The Federal Constitution review process began in 2000 and was completed in 2012, resulting in the adoption of the current provisional constitution by a constituency assembly of 800 delegates on 1st August 2012. The onus to review the constitution was placed on the 9th parliament that appointed two committees: – the Oversight Committee (OC) and the Independent Commission for the Review of the Constitution (ICRC). These two committees presented their drafts to a joint session of the federal parliament which stipulated what needed to be reviewed and agreed upon. The 9th parliament taking cognizance of the enormity of this task passed a resolution to extend the constitutional review process to the 10th parliament under the stewardship of the two committees.
It is important to note; the two committees have been working harmoniously with the Ministry of Constitutional Affairs at the Federal level. Despite this progress, there seems to a misunderstanding between the Federal Government of Somalia and the Federal Member States arising from the misinterpretation of some articles of the provisional constitution that has resulted in a stalemate. Notwithstanding, there also needs to be a clear agreement of Article 44 on sharing resources, Article 54 on the separation of powers and Article 122 on the management of public funds.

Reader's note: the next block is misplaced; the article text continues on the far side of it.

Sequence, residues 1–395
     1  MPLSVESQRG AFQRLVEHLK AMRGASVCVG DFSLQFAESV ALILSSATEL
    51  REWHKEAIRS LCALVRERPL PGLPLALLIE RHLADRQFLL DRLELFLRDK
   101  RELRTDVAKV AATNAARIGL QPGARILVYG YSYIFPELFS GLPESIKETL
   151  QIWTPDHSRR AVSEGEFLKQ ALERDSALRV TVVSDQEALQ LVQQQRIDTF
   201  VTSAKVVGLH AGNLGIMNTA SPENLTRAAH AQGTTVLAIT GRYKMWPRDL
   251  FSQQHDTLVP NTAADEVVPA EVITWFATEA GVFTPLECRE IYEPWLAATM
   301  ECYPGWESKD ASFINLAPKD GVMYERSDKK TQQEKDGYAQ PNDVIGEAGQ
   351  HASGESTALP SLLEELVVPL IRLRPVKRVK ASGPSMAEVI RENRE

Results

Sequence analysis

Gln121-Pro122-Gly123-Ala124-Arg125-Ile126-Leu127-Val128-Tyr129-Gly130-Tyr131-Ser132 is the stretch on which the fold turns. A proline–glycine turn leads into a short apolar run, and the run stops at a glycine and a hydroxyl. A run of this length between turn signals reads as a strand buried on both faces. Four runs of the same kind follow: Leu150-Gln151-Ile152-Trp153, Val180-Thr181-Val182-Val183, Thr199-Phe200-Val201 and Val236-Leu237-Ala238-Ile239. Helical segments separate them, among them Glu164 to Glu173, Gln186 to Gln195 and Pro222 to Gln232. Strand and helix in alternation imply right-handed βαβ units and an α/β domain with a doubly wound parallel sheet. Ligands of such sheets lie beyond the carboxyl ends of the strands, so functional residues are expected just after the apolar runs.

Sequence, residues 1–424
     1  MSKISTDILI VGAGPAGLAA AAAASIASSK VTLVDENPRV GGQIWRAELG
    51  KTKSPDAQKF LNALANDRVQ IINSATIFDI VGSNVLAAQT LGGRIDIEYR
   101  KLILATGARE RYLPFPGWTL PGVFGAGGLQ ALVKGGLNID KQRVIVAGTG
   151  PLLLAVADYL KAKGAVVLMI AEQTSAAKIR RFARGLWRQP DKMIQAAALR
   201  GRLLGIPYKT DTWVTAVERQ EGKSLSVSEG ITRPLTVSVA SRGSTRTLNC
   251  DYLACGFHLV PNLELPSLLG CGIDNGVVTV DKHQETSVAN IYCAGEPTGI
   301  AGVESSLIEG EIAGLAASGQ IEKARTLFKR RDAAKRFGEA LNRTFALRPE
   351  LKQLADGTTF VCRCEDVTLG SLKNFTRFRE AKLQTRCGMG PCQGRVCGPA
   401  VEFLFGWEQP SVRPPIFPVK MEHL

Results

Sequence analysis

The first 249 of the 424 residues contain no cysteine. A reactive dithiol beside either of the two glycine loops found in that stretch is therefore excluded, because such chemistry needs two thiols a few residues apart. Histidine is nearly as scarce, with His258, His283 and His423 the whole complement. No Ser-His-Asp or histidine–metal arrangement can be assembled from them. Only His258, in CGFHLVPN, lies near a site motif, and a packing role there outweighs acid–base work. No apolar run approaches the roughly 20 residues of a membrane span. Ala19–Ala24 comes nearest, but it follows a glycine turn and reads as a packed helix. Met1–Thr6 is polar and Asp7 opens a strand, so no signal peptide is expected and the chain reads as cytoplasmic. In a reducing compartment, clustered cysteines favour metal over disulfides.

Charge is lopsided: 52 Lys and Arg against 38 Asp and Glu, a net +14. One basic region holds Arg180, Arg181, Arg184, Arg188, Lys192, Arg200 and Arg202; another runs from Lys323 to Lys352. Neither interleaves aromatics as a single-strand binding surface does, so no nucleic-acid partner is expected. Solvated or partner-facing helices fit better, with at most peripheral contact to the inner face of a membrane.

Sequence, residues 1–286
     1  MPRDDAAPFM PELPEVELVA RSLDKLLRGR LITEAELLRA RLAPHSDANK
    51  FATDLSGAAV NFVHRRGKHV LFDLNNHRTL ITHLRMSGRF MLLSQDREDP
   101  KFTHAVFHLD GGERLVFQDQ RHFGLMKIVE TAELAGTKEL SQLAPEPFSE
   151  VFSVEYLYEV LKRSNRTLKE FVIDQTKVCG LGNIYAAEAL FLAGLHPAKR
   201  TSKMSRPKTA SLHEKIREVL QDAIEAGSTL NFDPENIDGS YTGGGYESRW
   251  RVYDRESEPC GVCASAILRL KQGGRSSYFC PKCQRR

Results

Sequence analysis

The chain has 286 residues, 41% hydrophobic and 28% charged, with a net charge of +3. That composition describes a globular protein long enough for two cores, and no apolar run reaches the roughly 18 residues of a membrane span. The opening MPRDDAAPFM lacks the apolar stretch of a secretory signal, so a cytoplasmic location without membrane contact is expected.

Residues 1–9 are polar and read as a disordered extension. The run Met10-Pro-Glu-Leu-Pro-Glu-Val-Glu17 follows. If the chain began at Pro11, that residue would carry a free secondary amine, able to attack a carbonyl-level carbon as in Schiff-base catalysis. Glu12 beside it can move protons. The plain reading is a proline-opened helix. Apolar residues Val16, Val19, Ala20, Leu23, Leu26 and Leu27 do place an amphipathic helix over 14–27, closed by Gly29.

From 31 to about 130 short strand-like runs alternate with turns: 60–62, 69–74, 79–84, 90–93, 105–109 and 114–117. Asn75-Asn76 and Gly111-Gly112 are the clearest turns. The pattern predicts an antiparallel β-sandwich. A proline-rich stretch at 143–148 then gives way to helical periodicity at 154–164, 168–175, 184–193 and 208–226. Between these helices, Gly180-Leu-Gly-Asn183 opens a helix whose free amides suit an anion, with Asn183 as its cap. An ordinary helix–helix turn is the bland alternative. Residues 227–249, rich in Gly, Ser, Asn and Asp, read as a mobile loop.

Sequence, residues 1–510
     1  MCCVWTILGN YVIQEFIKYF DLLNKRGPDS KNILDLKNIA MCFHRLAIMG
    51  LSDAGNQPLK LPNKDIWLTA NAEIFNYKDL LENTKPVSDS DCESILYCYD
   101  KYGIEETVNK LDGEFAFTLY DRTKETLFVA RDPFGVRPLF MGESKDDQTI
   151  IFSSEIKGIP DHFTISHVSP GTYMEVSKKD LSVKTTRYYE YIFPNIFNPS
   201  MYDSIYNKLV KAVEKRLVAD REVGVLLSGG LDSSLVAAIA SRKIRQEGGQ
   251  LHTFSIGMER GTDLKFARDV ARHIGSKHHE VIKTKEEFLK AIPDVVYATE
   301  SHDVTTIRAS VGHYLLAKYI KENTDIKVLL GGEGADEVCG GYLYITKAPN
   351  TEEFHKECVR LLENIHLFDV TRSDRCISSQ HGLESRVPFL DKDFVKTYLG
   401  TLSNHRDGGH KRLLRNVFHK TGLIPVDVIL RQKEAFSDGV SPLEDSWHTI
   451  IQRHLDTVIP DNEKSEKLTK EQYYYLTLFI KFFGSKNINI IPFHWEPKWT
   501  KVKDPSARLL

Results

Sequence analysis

Barriers to the Completion of the Constitution
Like any other process that is critical for the success of a nation, the constitutional review process has been rocked with several obstacles that have impeded its completion. The former speaker of the Federal Parliament of Somalia in his remarks noted that these barriers were:
1.The lack of good faith negotiations on contentious issues that has impeded any meaningful progress on the review process. Both the FGS and FMS have adopted strong positions on some key issues including:
A. The status of the capital city: The FGS and FMS have failed to agree on this issue in accordance with Article 9 of the Constitution. The Federal Parliament Committee on Constitutional Review and Implementation Monitoring (GKDHD/OC) and the Independent Constitution Review and Implementation Commission (GMKDHD / ICRIC) proposed three options on the status of the national capital of Mogadishu (or the Benadir region). These options are: